When Jill Burgett, D.A., walked on stage at Carnegie Hall this spring, she was inspired by thinking about the many masters who stood in her
place for more than 100 years.
The professor of Music and director of Choral Activities at UNC reflects on her own
professional hero, Conductor Gustav Mahler. who led his final conducting performance
on that same stage. Rather than being overwhelmed by the venerable space, its rich
history, a near-full capacity audience of 2,300 or the high expectations behind a
debut performance at Carnegie Hall, Burgett grounded herself in the music and her
“[I thought about] putting the University of Northern Colorado where it belongs, on
a national level,” Burgett said.
She led the UNC Choir comprising more than 100 students and 60 alumni, in a rousing
performance of Carmina Burana by renowned German composer Carl Orff this spring at Carnegie Hall in New York City.
The trip capped off nearly a year of tireless work.
Since the summer of 2022, Burgett has been organizing the pieces, parts and people,
to make the inaugural event not just a success but even tenable. To perform Carmina Burana at Carnegie Hall requires 150 singers – UNC has only 100 in the choral program – plus
an orchestra, a children’s choir and three soloists. Not a small feat to pull off.
Carmina Burana is based on a unique collection of medieval poems that Orff found in 1934 that addresses the joys
and pains of love, the beauty of springtime and life’s guilty pleasures. From its
thunderous opening chords, the legendary work helps the audience understand this musical
that is more mysterious than it appears. Undaunted, Burgett got to work reaching out
to the vast UNC alumni network across Colorado. More than 50 singers responded to
the call from Greeley, Fort Collins, Boulder, Denver and Pueblo – including vocalists
from the Colorado Symphony Orchestra. Carnegie Hall’s Mid-American Production Company
secured a children’s choir from New Jersey, three soloists and a full orchestra with
players from the New York Philharmonic and the Metropolitan Opera.
“Our alumni are widespread, so it became a wonderful opportunity to hold this collaborative
event with UNC at the core,” she said. “Sometimes we [at UNC] tend to undersell ourselves,
assuming everyone knows how great our choral tradition is…but we do have a history,
decades of performing these major works. Sometimes we forget how great we are….”
Jill Burgett conducting at Carnegie Hall
Burgett joined the College of Visual and Performing Arts (PVA) faculty at UNC 14 years ago. Previously, she served as associate director of Choral
Activities at Ball State University in Indiana. Today, she conducts the UNC Concert
Choir and Chamber Choir in addition to teaching graduate choral methods and conducting
She earned her D.A. in Choral Conducting, with a cognate area of study in Music Education
and a master’s in Music from Ball State University. She earned a bachelor’s in Music
Education with a vocal emphasis and graduated magna cum laude from Heidelberg University
To prepare for the performance, Burgett organized an extensive schedule of rehearsals
at locations along the Front Range for the high school, college and alumni performers.
She drew from her vast experiences working with performers of all ages to bring these
groups together. For example, she conducted choirs in the Indiana Public School system
for over a decade, and she currently serves on the National Collegiate Choral Organization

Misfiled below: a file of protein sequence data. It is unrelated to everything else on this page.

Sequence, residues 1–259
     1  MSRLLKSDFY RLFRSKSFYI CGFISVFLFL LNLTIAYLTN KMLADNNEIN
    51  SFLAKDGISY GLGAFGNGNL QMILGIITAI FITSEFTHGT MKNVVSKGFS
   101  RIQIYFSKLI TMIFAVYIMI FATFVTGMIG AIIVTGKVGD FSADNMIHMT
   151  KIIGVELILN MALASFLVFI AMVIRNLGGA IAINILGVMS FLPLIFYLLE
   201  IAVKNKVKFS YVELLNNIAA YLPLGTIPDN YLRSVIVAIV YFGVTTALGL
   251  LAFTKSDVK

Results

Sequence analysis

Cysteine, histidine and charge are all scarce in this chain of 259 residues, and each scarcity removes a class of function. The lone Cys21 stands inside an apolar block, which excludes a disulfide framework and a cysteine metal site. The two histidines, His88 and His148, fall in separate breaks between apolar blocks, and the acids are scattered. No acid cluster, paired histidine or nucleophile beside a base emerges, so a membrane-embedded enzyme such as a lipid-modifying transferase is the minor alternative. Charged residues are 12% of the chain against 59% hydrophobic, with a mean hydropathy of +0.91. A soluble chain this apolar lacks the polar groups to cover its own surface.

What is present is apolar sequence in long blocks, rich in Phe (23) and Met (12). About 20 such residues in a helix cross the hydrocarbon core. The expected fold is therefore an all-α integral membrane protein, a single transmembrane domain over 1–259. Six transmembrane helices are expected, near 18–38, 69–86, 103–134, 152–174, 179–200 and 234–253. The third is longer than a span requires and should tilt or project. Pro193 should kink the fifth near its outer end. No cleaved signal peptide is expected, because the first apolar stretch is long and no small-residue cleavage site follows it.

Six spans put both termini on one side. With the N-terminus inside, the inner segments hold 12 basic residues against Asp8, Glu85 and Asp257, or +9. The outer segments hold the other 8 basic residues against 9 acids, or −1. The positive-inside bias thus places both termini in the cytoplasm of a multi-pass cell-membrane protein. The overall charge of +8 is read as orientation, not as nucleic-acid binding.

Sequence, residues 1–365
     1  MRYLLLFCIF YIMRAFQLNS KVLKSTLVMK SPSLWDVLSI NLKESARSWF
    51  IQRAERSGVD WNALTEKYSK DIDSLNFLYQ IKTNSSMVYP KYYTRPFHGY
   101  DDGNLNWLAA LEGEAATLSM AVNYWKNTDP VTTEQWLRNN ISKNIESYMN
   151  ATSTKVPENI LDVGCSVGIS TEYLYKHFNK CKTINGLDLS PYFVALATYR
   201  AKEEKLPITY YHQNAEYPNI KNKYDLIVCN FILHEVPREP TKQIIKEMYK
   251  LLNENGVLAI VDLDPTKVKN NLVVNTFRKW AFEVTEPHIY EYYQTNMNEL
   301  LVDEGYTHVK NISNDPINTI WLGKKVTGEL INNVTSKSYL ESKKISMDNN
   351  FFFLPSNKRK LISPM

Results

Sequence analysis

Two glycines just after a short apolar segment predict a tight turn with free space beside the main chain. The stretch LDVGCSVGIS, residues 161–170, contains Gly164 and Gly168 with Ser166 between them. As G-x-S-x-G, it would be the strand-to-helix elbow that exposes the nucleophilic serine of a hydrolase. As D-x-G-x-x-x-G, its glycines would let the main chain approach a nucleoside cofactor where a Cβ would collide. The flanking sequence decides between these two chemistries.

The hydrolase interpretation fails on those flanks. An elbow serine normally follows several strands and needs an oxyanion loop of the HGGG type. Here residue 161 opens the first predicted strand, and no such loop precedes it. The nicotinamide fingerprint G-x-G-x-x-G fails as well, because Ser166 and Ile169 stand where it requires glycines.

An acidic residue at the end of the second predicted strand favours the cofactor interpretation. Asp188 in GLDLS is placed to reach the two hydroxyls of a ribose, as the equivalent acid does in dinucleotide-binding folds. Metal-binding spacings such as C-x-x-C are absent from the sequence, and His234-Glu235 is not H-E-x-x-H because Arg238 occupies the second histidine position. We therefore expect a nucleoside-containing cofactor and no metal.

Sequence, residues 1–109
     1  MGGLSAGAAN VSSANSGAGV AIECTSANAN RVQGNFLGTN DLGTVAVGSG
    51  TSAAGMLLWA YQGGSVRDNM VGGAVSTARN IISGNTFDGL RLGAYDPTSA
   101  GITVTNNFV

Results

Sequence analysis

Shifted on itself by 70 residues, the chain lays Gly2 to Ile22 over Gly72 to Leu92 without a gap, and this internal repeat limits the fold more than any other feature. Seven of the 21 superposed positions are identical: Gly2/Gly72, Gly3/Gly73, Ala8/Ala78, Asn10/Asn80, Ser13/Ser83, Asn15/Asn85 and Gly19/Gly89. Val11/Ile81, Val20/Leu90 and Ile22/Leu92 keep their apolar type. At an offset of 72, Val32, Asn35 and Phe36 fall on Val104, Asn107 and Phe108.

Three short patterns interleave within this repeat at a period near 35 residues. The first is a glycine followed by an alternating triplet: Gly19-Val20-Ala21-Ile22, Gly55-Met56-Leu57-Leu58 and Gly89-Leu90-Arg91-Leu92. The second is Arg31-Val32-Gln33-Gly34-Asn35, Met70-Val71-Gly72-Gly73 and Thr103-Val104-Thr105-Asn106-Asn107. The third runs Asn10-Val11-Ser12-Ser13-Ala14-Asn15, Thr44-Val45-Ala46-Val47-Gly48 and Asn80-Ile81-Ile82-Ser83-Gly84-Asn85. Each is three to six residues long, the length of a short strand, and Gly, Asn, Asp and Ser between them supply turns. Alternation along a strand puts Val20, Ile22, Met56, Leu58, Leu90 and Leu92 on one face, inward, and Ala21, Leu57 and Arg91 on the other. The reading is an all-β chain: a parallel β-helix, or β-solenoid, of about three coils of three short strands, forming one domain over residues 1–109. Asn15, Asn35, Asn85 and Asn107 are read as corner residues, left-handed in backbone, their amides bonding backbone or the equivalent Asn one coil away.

board. She has also led performances in Varna (Bulgaria), Barcelona, Montserrat, Prague,
Vienna, Budapest, London, Paris and Rome.
Burgett also had to secure funding to fly about 100 students from Greeley to New York
and to cover hotel accommodations for several nights, ground transportation around
the city, meals and more.
That’s where the PVA Student Travel Experience fund came into play. Thanks to the
deep generosity of alumni and donors who contributed nearly $140,000, student fees,
travel and lodging expenses were covered.
For Emma Larson, a junior Music Education major, this was her first visit to New York.
Travis Kornegay, a graduate student, choir member and Greeley teacher, went on the
Carnegie Hall trip. As both a student and a teacher, Kornegay found the experience
to be one-of-a-kind. He was even able to share the experience, bringing some of his
University High School choir students along to perform.
“I did tell my students, ‘Hey, you’re going to make experiences you’ll have for the
rest of your life, that you will remember for the rest of your life,” he said.
A 15-year veteran teacher, Kornegay tried to impress upon his students the historical
significance of Carnegie Hall as one of the greatest homes for music in the world.
In addition to hosting universal talent, the venue has also hosted some less than
well-received performances. As a singer himself, Kornegay said the key is to take
“In music, you have to be brave. You have to take chances and they can be the chance
of a lifetime.”
Catherine Freeland, ‘96, who studied acting at PVA, lived in New York for 10 years
but hadn’t had a chance to visit Carnegie Hall.
“Going to hear the choirs from my alma mater in that famous space was electrifying.
The performance was superb and I was truly the proudest I've ever been to be a UNC
Bear,” Freeland said.
Carl Orff’s Carmina Burana, which most people have at least heard in movies and on TV, is an intense piece that
grabs the attention and doesn’t lessen in ferocity for an hour.
When Burgett heard her students sing the first Chorus, O Fortuna, and their voices fill the concert hall, she was blown away. As was the audience
– who broke out into an immediate standing ovation at the conclusion of the performance.
“The singers were on fire. The audience reaction was immediate and overwhelming” she
said. “This is building their future and that’s my job…I am excited to be a small
piece of that.”
— written by Christina Abel